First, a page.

Is there any recourse to a seller or a home inspector for issues with a home?

Asked by LindsayGM, Charlotte, NC Fri May 25, 2012

I recently closed on my home (less than a month) ago and have now found numerous issues that were not taken care of prior to my closing. According to my contract, the sellers were supposed to finish all of the areas that the home inspector stated was wrong with the home. None of the issues (structural beam replacement) were done and it almost looks like they just signed off on the home without doing any additional reinspection. This is going to cost me somewhere between $20-$30K to have fixed and I clearly don't have that kind of money. Is there anything that I can do about this because it doesn't seem like anyone is of help and I'm just supposed to live in a home that will fall down at some point.

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dave, Agent, Charlotte, NC
Fri May 25, 2012

i am sorry to hear about the issues you are having with your house. Unforutnately in the North Carolina offer to Purchase contract it does state that at closing the buyer accepts the home in the condition it is in now.

If you signed a due diligence repair request and agreement you MAY have some recourse. However; this is going to be something to take up with an attorney. Preferably the one that did the closing for you should know what legal rights you have.

The seller should have made you aware of the repairs being finished in a workmanlike condition and was to notify you in writing with documentation supporting that the repairs have been done. Your Realtor should have requested a copy of the invoices showing that and scheudled a reinspection prior to closing to verify that the work was completed as agreed upon.

The home isnpector has nothing to do with this. he did his job by doing the insopection and notifying you of what was wrong. You had the option to have him come back out for a reisnepction at an additional cost to you. On major repairs I usually do..something minor that you can tell by looking at it or turning on the water or flipping a sweithc I usually do not...But again this si something your Realtor should have advised you on.

The best answer here is unfortunatley to consult with an attorney and see what legal recourse, if any, you may have.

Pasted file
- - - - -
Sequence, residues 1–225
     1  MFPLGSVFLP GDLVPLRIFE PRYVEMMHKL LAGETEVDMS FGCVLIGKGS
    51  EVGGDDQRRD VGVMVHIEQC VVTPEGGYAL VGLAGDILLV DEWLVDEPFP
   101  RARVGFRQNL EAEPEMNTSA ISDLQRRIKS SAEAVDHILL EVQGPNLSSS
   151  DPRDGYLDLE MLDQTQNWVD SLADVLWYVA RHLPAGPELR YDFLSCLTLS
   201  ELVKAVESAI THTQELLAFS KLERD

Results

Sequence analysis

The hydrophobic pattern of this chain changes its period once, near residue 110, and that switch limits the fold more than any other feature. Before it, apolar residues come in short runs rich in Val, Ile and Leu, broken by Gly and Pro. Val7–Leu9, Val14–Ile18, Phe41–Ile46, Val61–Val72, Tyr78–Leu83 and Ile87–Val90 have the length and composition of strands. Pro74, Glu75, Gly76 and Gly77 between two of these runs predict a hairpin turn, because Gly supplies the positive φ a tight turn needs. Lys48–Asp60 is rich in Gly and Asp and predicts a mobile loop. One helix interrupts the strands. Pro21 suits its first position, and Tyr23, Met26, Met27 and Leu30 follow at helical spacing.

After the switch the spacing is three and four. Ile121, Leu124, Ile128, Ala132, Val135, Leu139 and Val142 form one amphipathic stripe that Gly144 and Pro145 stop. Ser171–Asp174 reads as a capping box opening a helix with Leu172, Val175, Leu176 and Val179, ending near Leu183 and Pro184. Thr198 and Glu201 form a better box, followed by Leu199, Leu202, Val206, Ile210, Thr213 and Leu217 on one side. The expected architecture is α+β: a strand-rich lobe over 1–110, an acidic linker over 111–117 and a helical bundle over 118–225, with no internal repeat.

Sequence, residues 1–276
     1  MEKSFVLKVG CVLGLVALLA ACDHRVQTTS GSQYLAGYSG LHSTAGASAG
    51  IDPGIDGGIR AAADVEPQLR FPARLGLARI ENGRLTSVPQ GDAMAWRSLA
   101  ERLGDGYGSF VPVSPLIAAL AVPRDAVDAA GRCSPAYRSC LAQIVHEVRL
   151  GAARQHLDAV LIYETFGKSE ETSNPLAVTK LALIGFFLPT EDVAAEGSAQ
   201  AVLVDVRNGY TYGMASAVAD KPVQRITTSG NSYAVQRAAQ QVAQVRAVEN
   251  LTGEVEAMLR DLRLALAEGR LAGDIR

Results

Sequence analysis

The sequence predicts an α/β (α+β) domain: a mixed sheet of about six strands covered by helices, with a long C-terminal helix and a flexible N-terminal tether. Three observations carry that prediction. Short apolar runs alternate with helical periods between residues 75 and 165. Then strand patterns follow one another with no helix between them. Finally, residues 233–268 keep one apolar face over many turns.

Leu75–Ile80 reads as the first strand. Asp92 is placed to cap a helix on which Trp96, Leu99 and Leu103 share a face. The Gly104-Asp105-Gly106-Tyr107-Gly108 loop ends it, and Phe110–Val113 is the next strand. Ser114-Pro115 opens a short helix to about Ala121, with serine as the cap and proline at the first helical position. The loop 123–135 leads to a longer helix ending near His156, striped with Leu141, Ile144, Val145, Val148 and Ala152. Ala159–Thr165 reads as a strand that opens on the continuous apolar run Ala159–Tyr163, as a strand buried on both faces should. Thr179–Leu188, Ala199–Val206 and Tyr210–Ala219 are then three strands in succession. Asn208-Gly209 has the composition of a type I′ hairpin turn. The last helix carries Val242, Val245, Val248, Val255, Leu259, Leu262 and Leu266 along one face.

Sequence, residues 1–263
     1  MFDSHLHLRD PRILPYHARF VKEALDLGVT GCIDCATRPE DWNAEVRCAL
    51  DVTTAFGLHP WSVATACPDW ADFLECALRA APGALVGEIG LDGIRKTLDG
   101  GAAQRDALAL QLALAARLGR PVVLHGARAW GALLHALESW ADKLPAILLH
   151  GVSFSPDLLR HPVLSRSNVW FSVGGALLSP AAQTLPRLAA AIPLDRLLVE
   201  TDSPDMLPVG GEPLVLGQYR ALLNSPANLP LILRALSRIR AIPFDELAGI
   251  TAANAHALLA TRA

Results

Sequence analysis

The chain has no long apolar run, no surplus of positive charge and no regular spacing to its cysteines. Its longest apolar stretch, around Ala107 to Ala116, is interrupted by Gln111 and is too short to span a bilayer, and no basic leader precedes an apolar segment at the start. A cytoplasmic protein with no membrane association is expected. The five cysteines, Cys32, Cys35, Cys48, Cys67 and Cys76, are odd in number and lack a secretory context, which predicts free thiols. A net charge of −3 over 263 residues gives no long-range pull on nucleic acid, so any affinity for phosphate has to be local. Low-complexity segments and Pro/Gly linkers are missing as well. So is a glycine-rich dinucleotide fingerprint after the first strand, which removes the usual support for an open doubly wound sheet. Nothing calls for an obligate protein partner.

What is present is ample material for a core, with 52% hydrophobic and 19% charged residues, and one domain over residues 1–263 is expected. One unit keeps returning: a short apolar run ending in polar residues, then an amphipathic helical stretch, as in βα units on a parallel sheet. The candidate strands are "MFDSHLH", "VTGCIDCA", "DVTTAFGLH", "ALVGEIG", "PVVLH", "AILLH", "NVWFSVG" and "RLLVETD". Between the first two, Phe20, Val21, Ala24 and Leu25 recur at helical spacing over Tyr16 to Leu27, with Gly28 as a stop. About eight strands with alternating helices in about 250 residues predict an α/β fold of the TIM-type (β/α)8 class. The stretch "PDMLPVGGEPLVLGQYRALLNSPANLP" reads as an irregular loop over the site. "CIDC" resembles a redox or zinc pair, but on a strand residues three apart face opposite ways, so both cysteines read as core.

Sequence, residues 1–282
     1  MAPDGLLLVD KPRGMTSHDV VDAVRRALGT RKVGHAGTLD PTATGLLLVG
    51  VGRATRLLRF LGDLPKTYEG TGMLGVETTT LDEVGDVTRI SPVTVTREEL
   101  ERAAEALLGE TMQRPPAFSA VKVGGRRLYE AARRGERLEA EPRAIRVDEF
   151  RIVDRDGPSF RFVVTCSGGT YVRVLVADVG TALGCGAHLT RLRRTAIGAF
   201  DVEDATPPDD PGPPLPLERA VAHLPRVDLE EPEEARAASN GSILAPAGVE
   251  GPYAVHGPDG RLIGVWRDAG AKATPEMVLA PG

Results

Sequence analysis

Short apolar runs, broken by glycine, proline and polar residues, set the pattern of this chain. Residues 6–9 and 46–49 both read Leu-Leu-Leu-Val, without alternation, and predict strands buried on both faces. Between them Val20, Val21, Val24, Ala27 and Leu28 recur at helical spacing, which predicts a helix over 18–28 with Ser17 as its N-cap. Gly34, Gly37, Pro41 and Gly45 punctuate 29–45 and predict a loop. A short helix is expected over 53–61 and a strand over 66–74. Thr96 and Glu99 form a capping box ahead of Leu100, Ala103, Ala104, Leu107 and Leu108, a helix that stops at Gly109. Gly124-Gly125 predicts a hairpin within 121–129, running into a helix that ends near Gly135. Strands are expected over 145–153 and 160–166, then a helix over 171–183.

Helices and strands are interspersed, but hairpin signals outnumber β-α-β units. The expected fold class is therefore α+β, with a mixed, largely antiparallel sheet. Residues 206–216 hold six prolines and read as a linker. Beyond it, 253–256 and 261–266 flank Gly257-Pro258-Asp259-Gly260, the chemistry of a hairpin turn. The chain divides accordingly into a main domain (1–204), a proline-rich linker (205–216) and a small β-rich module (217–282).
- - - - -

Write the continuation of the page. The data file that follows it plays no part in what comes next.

Dave diCecco
0 votes
Daniel Fisher, Agent, Charlotte, NC
Fri May 25, 2012
Sorry to hear of your situation, Lindsay: I am sure it is frustrating.
If the home you bought was in NC, and you used the NC standard STANDARD FORM 2-T Revised 1/2012 © 1/2012, you should re-read Section 4, especially the all caps item 4(g) CLOSING SHALL CONSTITUTE ACCEPTANCE OF THE PROPERTY IN ITS THEN EXISTING CONDITION UNLESS PROVISION IS OTHERWISE MADE IN WRITING. Similar language is in earlier versions of the standard NC contract also. Bottom line is that BUYER , not the Seller is responsible for doing a re-inspection as part of Buyer's due diligence process and BEFORE Buyer closes on the property, or Buyer should make other provisions in writing; if you had a repair agreement signed with the Seller and they did not complete the work, you should show that and the other documents to an NC attorney and have them advise you on what to do.
The other options you have if you don't feel safe living there with the repairs that are needed is to 1) get several opinions about how to fix the damage, or 2) sell as-is with full disclosure to the new buyer. There are some very good structural engineers who may have different solutions to achieve structural stability (like adding a post or bracing or structural components) at much lower cost.. If you appreciate an answer, please give "thumbs up". For the most helpful answer, please say thanks with a "best answer" click.
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Ron Thomas, Agent, Fresno, CA
Fri May 25, 2012
You might have a beef with the people who were supposed to do the repair.
I don't think you have a beef with the Sellers; because you should have signed a release after you did the FINAL WALK THRU, to make sure that the house was right. If you didn't do a final walk thru, you have only yourself to blame, (or maybe your Buyer's Agent).
If the work was SUPPOSED to be done, and the Contractors did not do it; that's your beef!

Good luck and may God bless

ps. You did have a Buyer's Agent representing you, right?
0 votes
The issue is that the repairs weren't done at all. One part of my inspection stated that they were supposed to replace a structural beam in the house and a licensed engineer was to sign off on it. I have the letter from the structural engineer but according to about 5 other professionals that I've had come look at the house, nothing was done and it should never have passed inspection. I did a final walk thru of my house but I'm clearly not a professional that is going to go in my crawl space and know if something is correct or not.
Flag Fri May 25, 2012
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